Published in the Community Chronicle December 15, 2019:
Asking a child what he wants to be when he grows up can be very entertaining. I’m sure my son Christian went through the typical hero-worship phase, but the first career ambition I remember was when he began kindergarten. We lived within walking distance of the school, and I was a stay-at-home mom, so we got in some exercise as well as some together time when the weather permitted. We had to cross one major street, and Christian immediately fell in love with the kind man with the bright orange vest and bright red sign who greeted him every day and escorted him safely across the street. Forget the fireman, policeman, and even Spider Man – he wanted to be a crossing guard.
Christian showed great ambition through the years. He wrote his first story as soon as he could hold a pencil, and he created his first book out of samples our paper-salesman neighbor gave him. In the summer he carried lemonade around in his wagon, visiting the neighbors who were working in their yards instead of waiting for them to come to him, and in December he knocked on doors, offering bundles of mistletoe tied with red yarn for 50 cents each. (more…)
Published in the Rains County Leader on January 13, 2020:
Strong storms covered Rains County with torrential rains accompanied by lots of thunder and lightning Friday night. The winds were not as strong as predicted, but the forecasts had many residents talking about the weather all week. At the Senior Center on Wednesday, I heard a woman at the table behind me ask if anyone had a storm cellar. Only one of her lunch companions had one, but she said that, in the nine years she had lived in her home, she had never been into the dark hole in the ground with its rotting, shutter-style doors. I wasn’t surprised that no one else had a cellar. The shallow Texas bedrock makes the cost of digging prohibitive. But the conversation brought back memories of my very early days in west Texas.
I was born in a tiny town about twenty miles west of Abilene called Merkel. We moved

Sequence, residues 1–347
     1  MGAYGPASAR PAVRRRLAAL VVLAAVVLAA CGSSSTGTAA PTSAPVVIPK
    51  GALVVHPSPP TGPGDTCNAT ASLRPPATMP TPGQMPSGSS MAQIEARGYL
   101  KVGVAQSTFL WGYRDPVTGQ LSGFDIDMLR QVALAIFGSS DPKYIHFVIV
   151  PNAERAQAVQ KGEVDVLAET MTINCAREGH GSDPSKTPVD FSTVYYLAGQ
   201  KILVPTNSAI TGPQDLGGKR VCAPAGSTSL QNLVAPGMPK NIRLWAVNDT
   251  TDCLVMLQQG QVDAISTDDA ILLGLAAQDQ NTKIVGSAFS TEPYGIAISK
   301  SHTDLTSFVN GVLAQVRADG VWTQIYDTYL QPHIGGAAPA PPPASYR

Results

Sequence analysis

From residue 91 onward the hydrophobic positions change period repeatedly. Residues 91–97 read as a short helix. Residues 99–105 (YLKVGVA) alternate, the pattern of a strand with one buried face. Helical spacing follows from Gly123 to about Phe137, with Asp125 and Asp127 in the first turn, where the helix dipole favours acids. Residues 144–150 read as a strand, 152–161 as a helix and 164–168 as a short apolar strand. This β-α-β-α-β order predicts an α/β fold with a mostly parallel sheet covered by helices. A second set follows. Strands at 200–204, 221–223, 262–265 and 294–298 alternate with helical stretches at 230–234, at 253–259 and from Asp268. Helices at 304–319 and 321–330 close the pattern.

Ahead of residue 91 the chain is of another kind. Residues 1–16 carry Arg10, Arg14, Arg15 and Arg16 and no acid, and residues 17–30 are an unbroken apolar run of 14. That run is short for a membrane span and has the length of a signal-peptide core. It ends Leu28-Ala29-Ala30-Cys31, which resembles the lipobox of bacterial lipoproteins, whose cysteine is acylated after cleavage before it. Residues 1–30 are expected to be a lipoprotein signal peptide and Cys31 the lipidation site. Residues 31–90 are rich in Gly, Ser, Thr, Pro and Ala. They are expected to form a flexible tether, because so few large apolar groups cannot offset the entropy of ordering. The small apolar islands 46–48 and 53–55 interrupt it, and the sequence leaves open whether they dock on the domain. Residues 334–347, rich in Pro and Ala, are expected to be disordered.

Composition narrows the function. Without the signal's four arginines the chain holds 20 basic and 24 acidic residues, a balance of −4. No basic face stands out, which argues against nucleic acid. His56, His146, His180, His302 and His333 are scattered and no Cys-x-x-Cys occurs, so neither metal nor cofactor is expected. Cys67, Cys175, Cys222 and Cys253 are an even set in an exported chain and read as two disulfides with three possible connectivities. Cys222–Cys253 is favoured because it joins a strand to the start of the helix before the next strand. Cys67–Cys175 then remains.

A picture of Merkel’s downtown we took around 2002.
from there to Snyder, about fifty miles further west, just shy of my fourth birthday, so my memories of Merkel are limited. I’m sure some of them are things I’ve been told rather than things I actually remember. I know that we lived in a rented house behind Miss Johnnie’s house, our landlady, but I don’t remember much about her. I remember eating pinto beans at her house once – they needed salt. I remember learning to brush my teeth with tooth powder. And I remember the storm cellar. (more…)
Published by the Rains County Leader on December 24, 2019:
As a kid, December 24th and not the 21st seemed like the longest night of the year. The day was busy with running to the store for some forgotten item, wrapping just one more package, and cooking. The house was filled with holiday smells as Mom prepared her offerings for the Christmas Eve party at Aunt Fay’s house and Christmas dinner the next day.
Later on, when Aunt Fay’s five children were older and another sister and her family moved to town, the party rotated among the three homes. But in the early days, the number of presents for their large family required opening them on Christmas Eve to make room for Santa Claus, so we always gathered there. It was almost as exciting watching the chaos at their house as it was opening our presents the next morning. By the time we made it to bed, I was so revved up with cookies, candy, and excitement that I couldn’t sleep. In looking back, and knowing how sensitive a mother’s ears are, I wonder if my restlessness kept Mom awake. (more…)
Anaiah Press will release Mom’s Long Good-Bye: A Caregiver’s Tale of Alzheimer’s, Grief, and Comfort, my second memoir, on March 12. Here’s a little bit about the book: